Despite its massive involvement in MotoE, Ducati is moving slowly on electric models

So while it’s becoming easier to see a route to electrification for low-performance, low-cost, utilitarian bikes, the future for ambitious, high-performance EV motorcycles remains far from clear. And since most motorcyclists in the West are leisure riders that’s an elephant in the room that really needs to be addressed if battery power is to become a dominant force.

There are companies that might be able to do it. Zero has an increasingly impressive track record, and LiveWire’s new ‘Arrow’ modular electric platform – soon to be shared with Kymco for a cheaper model – has potential, while Can-Am is also an intriguing upcoming entry to the market with its planned Pulse and Origin electric bikes. Elsewhere, the likes of Damon Motors and Verge are all-electric newcomers to the market with impressive-looking products. 

While there is hope, the path to an electric motorcycle future is also littered with broken dreams. Most recently, Britain’s Arc Vehicles, the company behind the Vector motorcycle, went into liquidation. It joined a list of promising electric projects – Brammo and Alta Motors, for instance – that haven’t made it.  


IT’S NOT EASY to get a detailed breakdown of every make and model of bike that’s sold each year in many countries but we can get an insight into the sort of electric motorcycles that are finding buyers by looking at new models registered in the UK. It’s a relatively wealthy country with a disproportionate love of motorcycles – you’ve got to be passionate to ride in British weather – and a market that’s dominated by riders who use their bikes for leisure rather than as daily transport.

Electric bike sales over there still make up a very small proportion of the market and, like the wider European figures we mentioned earlier, they’ve experienced a substantial drop in 2023, with 1857 electric motorcycles sold in January-September last year, compared with 2925 in the same period of 2022, a decline of 36.5 percent. Overall the country has just under 20,000 electric bikes registered with owners, and of those about 14,000 are actually in use. It’s a tiny number when compared to the 1.5 million motorcycles on the road.

Super Soco CPx

And the most common models are at the cheap, low-performance end of the market, with Super Soco’s CPx scooter accounting for nearly 13 percent of all the electric bikes on the road. In short, they’re generally low-cost, low-performance, city-oriented bikes – not exactly the Teslas of the two-wheeled world.

Turn the attention to higher-end electric bikes and it’s clear they’re still having a real struggle to attract customers. Official figures show that there were only 197 Zero SR/F and SR/S models on British roads in Q3 of 2023, for example, while just 98 riders could be found with a LiveWire One or Harley LiveWire at the same period, and only 50 Energica electric bikes of all types.

The implication is clear. Even among the most enthusiastic of motorcyclists, it’s still hard to find many who are yet ready to part with their money for a high-performance electric motorcycle. At present sales are heavily angled towards the utilitarian end of the market, bought for very specific needs, with money spent on electric bikes that are probably expected to live short, hard lives – making resale value and longevity a secondary consideration, if it’s a consideration at all.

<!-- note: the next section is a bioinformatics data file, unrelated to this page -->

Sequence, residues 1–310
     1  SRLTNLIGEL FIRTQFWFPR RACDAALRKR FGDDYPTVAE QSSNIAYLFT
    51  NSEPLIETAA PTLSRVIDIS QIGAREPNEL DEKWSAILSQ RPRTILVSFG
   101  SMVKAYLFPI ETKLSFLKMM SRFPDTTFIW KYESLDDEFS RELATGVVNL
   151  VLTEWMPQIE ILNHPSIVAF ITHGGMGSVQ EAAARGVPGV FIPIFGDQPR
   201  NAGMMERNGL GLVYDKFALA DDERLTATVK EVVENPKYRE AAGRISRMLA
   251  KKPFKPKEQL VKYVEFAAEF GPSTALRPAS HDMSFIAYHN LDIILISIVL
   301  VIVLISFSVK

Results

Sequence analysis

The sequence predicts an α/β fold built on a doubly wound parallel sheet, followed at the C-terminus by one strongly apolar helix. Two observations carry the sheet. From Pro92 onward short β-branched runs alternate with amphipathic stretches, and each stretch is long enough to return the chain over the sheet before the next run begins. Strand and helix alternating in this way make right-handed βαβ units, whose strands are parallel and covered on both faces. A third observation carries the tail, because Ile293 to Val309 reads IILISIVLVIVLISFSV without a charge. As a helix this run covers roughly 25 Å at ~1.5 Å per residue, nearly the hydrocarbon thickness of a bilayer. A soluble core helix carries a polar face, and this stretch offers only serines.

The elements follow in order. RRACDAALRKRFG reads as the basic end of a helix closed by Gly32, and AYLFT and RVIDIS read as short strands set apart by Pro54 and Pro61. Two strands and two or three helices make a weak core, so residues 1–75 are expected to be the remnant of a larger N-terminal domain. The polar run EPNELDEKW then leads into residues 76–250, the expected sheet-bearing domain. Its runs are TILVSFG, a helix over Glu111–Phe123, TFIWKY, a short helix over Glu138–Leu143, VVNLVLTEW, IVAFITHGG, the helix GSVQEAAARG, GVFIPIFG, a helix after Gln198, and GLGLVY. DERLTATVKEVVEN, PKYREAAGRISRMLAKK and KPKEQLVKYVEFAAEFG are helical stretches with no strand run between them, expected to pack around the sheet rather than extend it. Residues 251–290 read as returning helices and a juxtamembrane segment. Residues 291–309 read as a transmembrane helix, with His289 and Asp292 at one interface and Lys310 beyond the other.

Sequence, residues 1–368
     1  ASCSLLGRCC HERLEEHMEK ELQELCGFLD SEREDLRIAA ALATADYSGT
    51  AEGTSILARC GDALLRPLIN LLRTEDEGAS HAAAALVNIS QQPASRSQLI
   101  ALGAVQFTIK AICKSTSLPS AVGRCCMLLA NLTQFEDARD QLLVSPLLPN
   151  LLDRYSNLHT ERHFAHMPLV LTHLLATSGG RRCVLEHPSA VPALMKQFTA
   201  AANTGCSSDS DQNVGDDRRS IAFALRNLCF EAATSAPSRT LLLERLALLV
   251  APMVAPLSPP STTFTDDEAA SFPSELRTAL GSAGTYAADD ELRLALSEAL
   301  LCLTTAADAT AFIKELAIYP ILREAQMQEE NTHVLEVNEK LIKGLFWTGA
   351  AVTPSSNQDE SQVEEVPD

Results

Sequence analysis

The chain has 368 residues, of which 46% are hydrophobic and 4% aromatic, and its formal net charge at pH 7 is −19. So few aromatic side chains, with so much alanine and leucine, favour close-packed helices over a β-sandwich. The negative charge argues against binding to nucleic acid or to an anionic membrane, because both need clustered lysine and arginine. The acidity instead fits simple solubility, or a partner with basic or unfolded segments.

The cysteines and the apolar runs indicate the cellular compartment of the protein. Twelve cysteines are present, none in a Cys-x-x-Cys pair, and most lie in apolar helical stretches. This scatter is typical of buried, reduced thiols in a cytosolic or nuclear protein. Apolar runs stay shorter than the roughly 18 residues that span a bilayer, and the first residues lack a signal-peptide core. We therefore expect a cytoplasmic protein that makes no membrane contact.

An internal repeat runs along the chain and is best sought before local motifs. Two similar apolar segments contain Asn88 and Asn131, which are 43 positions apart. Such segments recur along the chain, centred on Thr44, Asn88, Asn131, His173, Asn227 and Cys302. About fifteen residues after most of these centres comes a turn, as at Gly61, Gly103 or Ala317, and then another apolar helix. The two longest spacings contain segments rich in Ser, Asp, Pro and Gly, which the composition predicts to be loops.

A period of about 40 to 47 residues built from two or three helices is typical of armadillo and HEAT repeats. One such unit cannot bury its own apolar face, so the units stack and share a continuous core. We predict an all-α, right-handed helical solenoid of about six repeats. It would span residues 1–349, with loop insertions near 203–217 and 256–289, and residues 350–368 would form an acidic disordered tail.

HONDA SAYS it will have 30 electric motorcycle models in its range by 2030, with global sales of four million per year. The plan is to have battery-powered models in all the major classes, including supersports, nakeds, kids’ bikes, offroad bikes and ATVs.

Kawasaki is already in the electric bike market with the Ninja e-1 and Z e-1, as well as the halfway-house Ninja 7 Hybrid and Z 7 Hybrid models, but three years ago announced it would have 10 electric models in its range by 2025. That means at least another six are due this year. It also said that by 2035 all the bikes it sells in Australia, as well as the US, Canada, Europe and Japan, would be either fully electric or hybrid.

Yamaha has been less forthcoming when it comes to making big statements about how many electric models will be sold, and by what date, but the company unveiled the E01 and NEO’s electric scooters in 2023.

Suzuki, while lagging a little on production electric bikes, has been trialling its battery-swappable e-Burgman scooter in Japan and plans to launch ‘small and midsized (electric) motorcycles in 2024’.
By 2030 Suzuki intends to have eight electric models in its range.

BMW is leading the way with electrification – now selling its second generation of battery-powered models with the CE-04, which replaced the C Evolution, and the CE-02. Electric motorcycles are under development, too. 

Ducati, which has been learning plenty of lessons in battery power by providing one-make racebikes for the Moto E championship, still believes that viable electric street motorcycles with performance and range that meet its customers’ expectations are some way off. 

Triumph has learnt from its prototype TE-1 electric bike project but has yet to make any claims as to when we will see a production battery-powered model. KTM, meanwhile, has many years of experience with electric bikes – it was a pioneer in the field with the Freeride E, launched 13 years ago no back in 2011 – but believes battery power is only suitable for machines equivalent to 250cc or below.